Students from across Maine enter two wind turbine competitions
Submitted by Shawn Reeves with contributions from the Maine Wind Industry Initiative
Orono- After 6 months of research, design and manufacturing hundreds of Maine students and teachers brought their wind blade creations to University of Maine to compete in Wind Blade Challenge May 3.
Each team worked with teachers and a composite partner to design and manufacture their unique designs. Paul Williamson, Director of Maine Wind Industry Initiative, said "the goal of the event is to inspire students' exploration of alternative energy and composites materials through STEM education. Every year we are impressed with what the students come up with."
Each blade-design was placed on a turbine in a controlled wind as spectators watched to see how much electrical energy was generated in a circuit with variable load in two minutes; meanwhile teams of students gave presentations to panels of three judges representing industry, explaining their materials, their understanding of wind-power physics, and their process for designing their rotor or base. The combined scores determined the winners.
The competition was tough with teams spinning fast enough to produce as much as 27 volts with their blades. In an glorious upset, first year participants Freeport High School had two teams in the top three. Jon Armory, Freeport teacher described the experience, "It is a wonderful event, and my students learned so much. One thing I really appreciated was letting students retry their blades after the trials, even though these did not count for points. This made the whole event a learning experience where students could play and experiment."
Different teams followed different paths to get here—One Brunswick teacher told us that their students met after school once a week, working for a total of about 20 hours on their designs and building. The Searsport District High School team worked in an engineering design course that met every other day, devoting about two months of the course to the process of building better and better rotors.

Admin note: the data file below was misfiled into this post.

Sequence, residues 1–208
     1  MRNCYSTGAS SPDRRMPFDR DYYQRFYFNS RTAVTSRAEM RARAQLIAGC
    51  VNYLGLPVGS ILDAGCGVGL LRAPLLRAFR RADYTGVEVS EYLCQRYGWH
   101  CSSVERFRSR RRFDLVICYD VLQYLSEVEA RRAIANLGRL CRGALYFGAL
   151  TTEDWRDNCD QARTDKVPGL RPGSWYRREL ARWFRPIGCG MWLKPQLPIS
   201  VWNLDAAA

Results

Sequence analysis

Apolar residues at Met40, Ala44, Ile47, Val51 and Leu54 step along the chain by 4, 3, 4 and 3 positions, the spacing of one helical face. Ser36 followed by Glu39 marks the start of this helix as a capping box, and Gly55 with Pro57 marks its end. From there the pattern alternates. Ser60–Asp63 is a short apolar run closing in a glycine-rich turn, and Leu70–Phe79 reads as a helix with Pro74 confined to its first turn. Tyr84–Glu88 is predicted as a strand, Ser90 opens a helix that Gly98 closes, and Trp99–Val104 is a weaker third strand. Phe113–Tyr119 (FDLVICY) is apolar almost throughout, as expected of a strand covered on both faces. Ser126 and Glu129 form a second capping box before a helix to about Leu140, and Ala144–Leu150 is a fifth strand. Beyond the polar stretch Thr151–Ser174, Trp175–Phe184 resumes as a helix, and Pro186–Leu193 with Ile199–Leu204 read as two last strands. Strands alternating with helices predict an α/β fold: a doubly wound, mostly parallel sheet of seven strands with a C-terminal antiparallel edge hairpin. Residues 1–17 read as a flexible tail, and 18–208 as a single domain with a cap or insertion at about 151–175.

The annual event, put on by the Maine Composites Alliance and Maine Wind Industry Initiative, is a collaborative effort connecting industry with high school students. Seventeen composites-companies including the Advanced Structures & Composites Center, Kenway, and Harbor Technologies worked with students to manufacture their blades in preparation for the challenge. Students used advanced manufacturing techniques and materials.
1st place—Freeport Team 2
2nd place—Easton High School
3rd place—Freeport High School
Peoples Choice—Foster Technology Center at Mount Blue High School
Teacher of the year—Dan Lemieux from Spruce Mt. High in Jay
Composite Partner of the year—Southern Maine Community College Andrew Schoenberg
Concurrently the University held the Windstorm Challenge. In that competition, 31 teams tested floating bases in a pool to see if they could withstand waves from a wave machine.